Jim Cummings’s “Thunder Road” won the Grand Prize at the 44th edition of the Normandie-set Deauville American Film Festival.
“Thunder Road” follows a broken cop who comes to grips with a death of his mom when giving a heartfelt eulogy at her funeral. The movie previously won the Grand Jury Award at South by Southwest. Paname Distribution will release the movie in France. “Thunder Road” is an expanded version of Cummings’s 2016 short film by the same name, which had won Sundance’s Grand Jury Prize.
Variety‘s Owen Gleiberman described “Thunder Road” as an “uncanny tale of a Middle American cop who’s a funny, crazy, moving, indelibly authentic lost soul.”
Deauville festival’s jury, which was presided by French actress Sandrine Kiberlain, handed out two Jury Prizes, to Bart Layton’s heist drama “American Animals” and Jordana Spiro’s “Night Comes On.” Meanwhile, Marc Turtletaub’s “Puzzle” won the audience prize and Carlos Lopez Estrada’s “Blindspotting” took home the Critics’ Award.
“American Animals,” starring Blake Jenner and Barry Keoghan, follows four college students who attempt one of the most audacious heists in U.S. history. The fact-based movie, which competed at Sundance, marks the first fiction feature directed by Layton, a British documentary helmer whose credits include “The Imposter” about the notorious French conman Frédéric Bourdin.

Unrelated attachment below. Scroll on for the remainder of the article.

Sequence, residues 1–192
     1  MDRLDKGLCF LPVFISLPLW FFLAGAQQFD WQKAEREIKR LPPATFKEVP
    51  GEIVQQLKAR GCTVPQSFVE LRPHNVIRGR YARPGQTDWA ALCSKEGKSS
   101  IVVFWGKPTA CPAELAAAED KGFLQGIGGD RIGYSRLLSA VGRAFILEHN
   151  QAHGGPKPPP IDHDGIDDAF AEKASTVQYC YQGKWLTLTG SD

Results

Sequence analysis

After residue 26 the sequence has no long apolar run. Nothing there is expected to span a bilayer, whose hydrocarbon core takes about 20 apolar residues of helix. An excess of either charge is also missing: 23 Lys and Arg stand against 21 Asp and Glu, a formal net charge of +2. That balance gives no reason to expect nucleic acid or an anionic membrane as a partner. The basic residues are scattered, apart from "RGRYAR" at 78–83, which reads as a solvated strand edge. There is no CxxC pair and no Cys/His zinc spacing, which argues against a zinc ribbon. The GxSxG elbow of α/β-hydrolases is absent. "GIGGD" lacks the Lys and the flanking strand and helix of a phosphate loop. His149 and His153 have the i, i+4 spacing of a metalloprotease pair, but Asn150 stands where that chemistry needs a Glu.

“Puzzle” is based on the 2010 Argentine film of the same name and follows a suburban wife and mother who discovers a passion for solving jigsaw puzzles, which unexpectedly draws her into a new world. The movie world premiered at Sundance and was acquired by Sony Pictures Classics. Bac Films will release it in France.
“Blindspotting” is set in Oakland and follows a black man who begins to re-evaluate his relationship with his volatile best friend. The movie also world premiered at Sundance and will be released by Metropolitan FilmExport in France.
Besides Kiberlain who presided, the jury comprised Sabine Azéma, Alex Beaupain, Leila Bekhti, Stephane Brizé, Sara Giraudeau, Xavier Legrand, Pierre Salvadori and Leila Slimani.
The awards ceremony was followed by the screening of Chris Weitz’s “Operation Finale” with the director and the film’s actors Oscar Isaac and Ben Kingsley in attendance. Weitz took the stage to introduce the movie and spoke about its contemporary resonnance. “The rise of nationalism and the dangers that we face today are threatening to undo everything that we’ve done,” said the helmer who was flanked by Isaac and Kingsley.
The highlight of the closing ceremony was the live concert of French classical violinist Renaud Capuçon who played abstracts from the original score of “The Schindler’s List” and “Le Mepris.”